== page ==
"The Holy Father asks the universal church to join in his fervent prayer that reason and humanity will prevail in the perpetrators of the attack," it said. The pope expressed his closeness to the entire Christian community in Iraq, it said.

The Vatican said the fact that the archbishop was abducted immediately after leading a Way of the Cross service indicated that the attack was premeditated.

The incident comes less than a year after a Chaldean Catholic priest and three subdeacons were gunned down outside the same Mosul church.

Father Ragheed Aziz Ganni and subdeacons Basman Yousef Daoud, Wadid Hanna and Ghasan Bida Wid were killed June 3 while leaving the Church of the Holy Spirit after having celebrated Sunday Mass.

Father Ganni, the three subdeacons, and the wife of one of the subdeacons were driving away from the church when their car was blocked by a group of armed militants, according to AsiaNews.

The armed men forced the woman out of the car. Once the woman was away from the vehicle the armed men opened fire on Father Ganni and the three subdeacons. Subdeacon is an ordination rank lower than deacon in most Eastern Catholic churches.

The militants then placed explosives around the car to prevent anyone from retrieving the four bodies. Later that night, authorities finally managed to defuse the explosives and retrieve the bodies.
(Source: CNS)

Original story:
Kidnappers take Iraqi archbishop, kill his three companions

By Carol Glatz

Catholic News Service

ROME (CNS) -- Kidnappers abducted Chaldean Catholic Archbishop Paulos Faraj Rahho of Mosul, Iraq, and killed the three people who were traveling with him.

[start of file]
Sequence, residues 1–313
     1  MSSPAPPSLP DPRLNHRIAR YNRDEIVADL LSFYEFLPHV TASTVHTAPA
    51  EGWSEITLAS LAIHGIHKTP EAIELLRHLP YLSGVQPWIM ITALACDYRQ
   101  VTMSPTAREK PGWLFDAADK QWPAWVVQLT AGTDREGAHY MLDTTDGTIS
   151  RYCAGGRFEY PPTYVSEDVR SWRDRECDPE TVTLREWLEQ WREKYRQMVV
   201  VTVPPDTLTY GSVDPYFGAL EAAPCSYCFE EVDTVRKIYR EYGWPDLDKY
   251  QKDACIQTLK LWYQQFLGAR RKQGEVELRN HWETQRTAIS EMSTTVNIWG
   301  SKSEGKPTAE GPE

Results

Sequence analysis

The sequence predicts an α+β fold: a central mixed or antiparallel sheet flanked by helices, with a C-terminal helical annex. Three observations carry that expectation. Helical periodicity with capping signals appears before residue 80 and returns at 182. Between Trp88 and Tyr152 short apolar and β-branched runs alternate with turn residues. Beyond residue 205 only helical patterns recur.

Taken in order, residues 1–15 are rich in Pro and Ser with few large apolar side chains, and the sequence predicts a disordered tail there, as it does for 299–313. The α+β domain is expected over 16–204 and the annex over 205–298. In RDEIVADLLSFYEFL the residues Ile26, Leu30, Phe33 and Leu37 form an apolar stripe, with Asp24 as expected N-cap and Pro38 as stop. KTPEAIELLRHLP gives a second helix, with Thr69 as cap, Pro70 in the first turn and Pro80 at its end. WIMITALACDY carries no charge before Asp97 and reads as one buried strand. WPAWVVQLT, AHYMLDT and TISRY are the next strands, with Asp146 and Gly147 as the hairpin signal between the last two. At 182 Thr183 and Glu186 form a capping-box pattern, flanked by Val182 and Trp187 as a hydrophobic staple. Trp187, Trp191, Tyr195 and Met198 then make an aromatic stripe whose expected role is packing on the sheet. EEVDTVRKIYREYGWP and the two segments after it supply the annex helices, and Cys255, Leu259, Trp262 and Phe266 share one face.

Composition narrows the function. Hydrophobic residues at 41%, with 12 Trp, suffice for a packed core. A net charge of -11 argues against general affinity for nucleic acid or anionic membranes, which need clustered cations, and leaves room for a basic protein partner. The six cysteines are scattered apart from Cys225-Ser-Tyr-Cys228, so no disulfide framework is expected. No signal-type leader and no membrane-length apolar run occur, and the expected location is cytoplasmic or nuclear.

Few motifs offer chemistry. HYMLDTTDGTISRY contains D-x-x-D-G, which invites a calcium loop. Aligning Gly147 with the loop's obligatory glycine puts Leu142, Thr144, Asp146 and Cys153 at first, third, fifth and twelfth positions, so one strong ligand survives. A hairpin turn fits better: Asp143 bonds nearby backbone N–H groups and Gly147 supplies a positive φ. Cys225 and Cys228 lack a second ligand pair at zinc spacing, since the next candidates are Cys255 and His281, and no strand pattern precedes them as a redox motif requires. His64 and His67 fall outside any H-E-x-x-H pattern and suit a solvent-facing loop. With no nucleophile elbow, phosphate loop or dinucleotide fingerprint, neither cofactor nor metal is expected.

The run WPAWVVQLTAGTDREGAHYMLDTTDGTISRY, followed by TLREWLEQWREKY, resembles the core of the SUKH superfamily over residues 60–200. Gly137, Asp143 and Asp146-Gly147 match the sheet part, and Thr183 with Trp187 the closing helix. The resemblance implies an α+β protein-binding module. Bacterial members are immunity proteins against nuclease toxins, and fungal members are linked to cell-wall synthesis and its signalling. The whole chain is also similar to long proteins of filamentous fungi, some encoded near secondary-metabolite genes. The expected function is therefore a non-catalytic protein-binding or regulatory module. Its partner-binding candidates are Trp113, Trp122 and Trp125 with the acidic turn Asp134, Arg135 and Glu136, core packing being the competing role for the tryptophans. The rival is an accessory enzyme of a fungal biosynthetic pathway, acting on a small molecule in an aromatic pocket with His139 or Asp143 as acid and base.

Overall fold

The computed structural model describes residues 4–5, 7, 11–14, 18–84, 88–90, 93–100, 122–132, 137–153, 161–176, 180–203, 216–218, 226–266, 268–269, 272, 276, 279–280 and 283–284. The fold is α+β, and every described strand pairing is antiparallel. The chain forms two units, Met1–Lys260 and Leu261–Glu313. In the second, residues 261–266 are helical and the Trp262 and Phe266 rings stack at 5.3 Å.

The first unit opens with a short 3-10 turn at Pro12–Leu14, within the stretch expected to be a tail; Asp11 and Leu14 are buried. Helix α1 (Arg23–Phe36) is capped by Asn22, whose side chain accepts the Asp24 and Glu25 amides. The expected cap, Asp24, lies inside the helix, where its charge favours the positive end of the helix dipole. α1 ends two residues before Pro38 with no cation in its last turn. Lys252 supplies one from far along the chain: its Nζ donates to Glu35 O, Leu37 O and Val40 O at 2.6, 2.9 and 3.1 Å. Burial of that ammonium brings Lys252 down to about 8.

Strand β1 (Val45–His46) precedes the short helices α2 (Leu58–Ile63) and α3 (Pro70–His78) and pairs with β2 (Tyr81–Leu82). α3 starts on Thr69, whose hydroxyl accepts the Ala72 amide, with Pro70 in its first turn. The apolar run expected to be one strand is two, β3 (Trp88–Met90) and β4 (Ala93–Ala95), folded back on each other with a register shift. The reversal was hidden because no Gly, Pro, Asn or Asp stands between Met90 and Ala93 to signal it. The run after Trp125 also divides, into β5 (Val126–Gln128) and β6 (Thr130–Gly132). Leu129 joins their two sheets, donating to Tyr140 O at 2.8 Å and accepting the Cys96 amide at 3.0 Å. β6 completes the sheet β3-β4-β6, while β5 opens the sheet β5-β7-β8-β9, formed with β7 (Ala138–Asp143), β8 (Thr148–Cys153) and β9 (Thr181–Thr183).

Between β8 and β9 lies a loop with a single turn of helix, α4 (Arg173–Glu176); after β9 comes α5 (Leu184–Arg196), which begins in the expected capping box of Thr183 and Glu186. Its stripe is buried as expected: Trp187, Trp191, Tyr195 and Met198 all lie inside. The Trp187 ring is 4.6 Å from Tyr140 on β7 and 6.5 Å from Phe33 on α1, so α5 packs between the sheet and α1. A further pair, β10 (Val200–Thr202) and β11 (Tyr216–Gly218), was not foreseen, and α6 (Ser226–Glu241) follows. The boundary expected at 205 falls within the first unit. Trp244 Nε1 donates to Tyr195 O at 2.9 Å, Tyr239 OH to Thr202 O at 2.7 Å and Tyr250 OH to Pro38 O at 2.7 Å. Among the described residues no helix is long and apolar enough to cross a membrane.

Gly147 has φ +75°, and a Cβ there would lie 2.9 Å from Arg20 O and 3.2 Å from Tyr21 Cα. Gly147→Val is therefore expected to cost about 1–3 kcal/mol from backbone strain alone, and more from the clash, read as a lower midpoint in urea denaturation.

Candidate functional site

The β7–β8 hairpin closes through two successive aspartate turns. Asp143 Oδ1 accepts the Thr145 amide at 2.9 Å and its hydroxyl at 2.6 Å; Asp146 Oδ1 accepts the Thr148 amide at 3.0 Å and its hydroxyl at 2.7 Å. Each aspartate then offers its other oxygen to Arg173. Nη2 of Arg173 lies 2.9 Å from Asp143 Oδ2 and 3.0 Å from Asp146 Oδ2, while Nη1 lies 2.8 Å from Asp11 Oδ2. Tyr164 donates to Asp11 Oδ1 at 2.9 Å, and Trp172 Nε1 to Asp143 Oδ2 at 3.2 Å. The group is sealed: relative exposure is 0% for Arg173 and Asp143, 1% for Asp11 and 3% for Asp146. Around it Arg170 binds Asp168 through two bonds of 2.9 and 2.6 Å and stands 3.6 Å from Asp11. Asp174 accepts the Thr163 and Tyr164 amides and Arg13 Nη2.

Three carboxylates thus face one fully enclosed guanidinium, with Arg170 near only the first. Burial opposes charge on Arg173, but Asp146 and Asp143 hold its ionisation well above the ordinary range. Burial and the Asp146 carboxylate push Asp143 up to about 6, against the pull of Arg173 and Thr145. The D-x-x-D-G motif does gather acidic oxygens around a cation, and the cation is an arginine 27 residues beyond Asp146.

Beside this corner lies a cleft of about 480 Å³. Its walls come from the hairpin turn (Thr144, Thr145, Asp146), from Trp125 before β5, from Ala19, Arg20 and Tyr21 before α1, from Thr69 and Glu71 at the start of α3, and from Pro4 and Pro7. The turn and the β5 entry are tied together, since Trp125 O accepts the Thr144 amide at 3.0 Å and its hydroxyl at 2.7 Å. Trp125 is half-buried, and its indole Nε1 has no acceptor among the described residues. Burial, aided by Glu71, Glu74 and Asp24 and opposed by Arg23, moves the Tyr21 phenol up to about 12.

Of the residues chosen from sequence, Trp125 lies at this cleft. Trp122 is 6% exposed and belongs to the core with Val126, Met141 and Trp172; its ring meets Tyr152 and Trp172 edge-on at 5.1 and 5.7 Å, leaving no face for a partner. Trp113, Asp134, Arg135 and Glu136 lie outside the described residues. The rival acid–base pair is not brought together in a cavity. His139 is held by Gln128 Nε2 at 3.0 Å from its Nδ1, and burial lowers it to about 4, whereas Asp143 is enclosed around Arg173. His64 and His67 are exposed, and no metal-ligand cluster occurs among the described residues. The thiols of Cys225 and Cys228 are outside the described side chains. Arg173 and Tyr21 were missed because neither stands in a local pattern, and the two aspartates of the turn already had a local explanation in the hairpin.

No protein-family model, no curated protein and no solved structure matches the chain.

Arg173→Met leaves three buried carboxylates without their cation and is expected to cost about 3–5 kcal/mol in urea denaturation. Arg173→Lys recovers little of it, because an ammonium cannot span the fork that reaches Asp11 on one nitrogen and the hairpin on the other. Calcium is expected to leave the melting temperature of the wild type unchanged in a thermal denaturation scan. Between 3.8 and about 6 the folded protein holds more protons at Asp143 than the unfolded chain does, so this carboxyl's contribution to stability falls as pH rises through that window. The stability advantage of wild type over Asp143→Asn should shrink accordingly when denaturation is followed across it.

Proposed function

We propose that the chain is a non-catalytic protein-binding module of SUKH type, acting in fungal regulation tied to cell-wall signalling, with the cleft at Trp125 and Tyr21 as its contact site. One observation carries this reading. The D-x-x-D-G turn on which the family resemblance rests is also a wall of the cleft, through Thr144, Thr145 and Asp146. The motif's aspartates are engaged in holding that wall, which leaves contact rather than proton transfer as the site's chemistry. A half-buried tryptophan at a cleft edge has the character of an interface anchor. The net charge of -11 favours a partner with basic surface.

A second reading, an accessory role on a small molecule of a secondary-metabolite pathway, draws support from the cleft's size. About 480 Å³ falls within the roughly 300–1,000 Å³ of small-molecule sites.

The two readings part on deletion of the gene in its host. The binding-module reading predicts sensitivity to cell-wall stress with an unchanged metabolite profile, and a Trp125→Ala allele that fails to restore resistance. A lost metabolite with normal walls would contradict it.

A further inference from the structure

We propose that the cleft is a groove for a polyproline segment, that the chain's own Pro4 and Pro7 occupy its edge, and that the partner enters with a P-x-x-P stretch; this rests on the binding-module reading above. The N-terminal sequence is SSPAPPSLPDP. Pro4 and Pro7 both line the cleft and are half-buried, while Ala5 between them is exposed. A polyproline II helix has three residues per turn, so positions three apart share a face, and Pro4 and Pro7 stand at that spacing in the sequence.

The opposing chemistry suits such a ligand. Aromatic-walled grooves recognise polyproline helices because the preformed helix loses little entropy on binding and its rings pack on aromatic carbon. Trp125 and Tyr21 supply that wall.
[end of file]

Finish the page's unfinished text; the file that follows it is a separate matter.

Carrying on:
Chaldean Bishop Rabban al Qas of Arbil told the Rome-based missionary news service AsiaNews that Mosul's archbishop was kidnapped late Feb. 29 after he finished leading the Way of the Cross.

Archbishop Rahho had just left the Church of the Holy Spirit in Mosul and was in his car with three other men when the kidnappers attacked.

"The bishop is in the hands of terrorists," Bishop Qas told AsiaNews.

"But we don't know what physical condition (the archbishop is in); the three men who were with him in the car, including his driver, were killed," he explained.

"It's a terrible time for our church; pray for us," he said.

The kidnappers have reportedly communicated their demands, which were not made public.

The incident comes less than a year after a Chaldean Catholic priest and three subdeacons were gunned down outside the same Mosul church.

Father Ragheed Aziz Ganni and subdeacons Basman Yousef Daoud, Wadid Hanna and Ghasan Bida Wid were killed June 3 while leaving the Church of the Holy Spirit after having celebrated Sunday Mass.

Father Ganni, the three subdeacons, and the wife of one of the subdeacons were driving away from the church when their car was blocked by a group of armed militants, according to AsiaNews.

The armed men forced the woman out of the car. Once the woman was away from the vehicle the armed men opened fire on Father Ganni and the three subdeacons. Subdeacon is an ordination rank lower than deacon in most Eastern Catholic churches.

The militants then placed explosives around the car to prevent anyone from retrieving the four bodies. Later that night, authorities finally managed to defuse the explosives and retrieve the bodies.
(Source: CNS)

Wednesday, March 12, 2008

Mass: The parts of Mass and their purpose

I received a gift from my mother this Christmas that is very dear to my heart: her 1961 St. Joseph's Daily Missal. Although I have attended only one Mass in the Extraordinary Form (EF), I was touched deeply by it and desire very strongly to attend an EF Mass again soon (although it's difficult with my own parish obligations). The Ordinary Form (OF) of Mass -- that is, the Mass promulgated by Pope Paul VI in 1969 and currently in its third typical edition as of 2002 -- follows the same basic structure of the EF, but there are certain things omitted (and certain things added). This post is not about the differences, though; rather, it is simply about the parts of the EF and what they mean. And so we go back to the Daily Missal.

Two pages of the Daily Missal give a very good (and concise) explanation of the parts of Mass. I've included them as images below, but I'll reproduce their content in prose.

Our Participation in the Mass
Parts of the MassOur Participation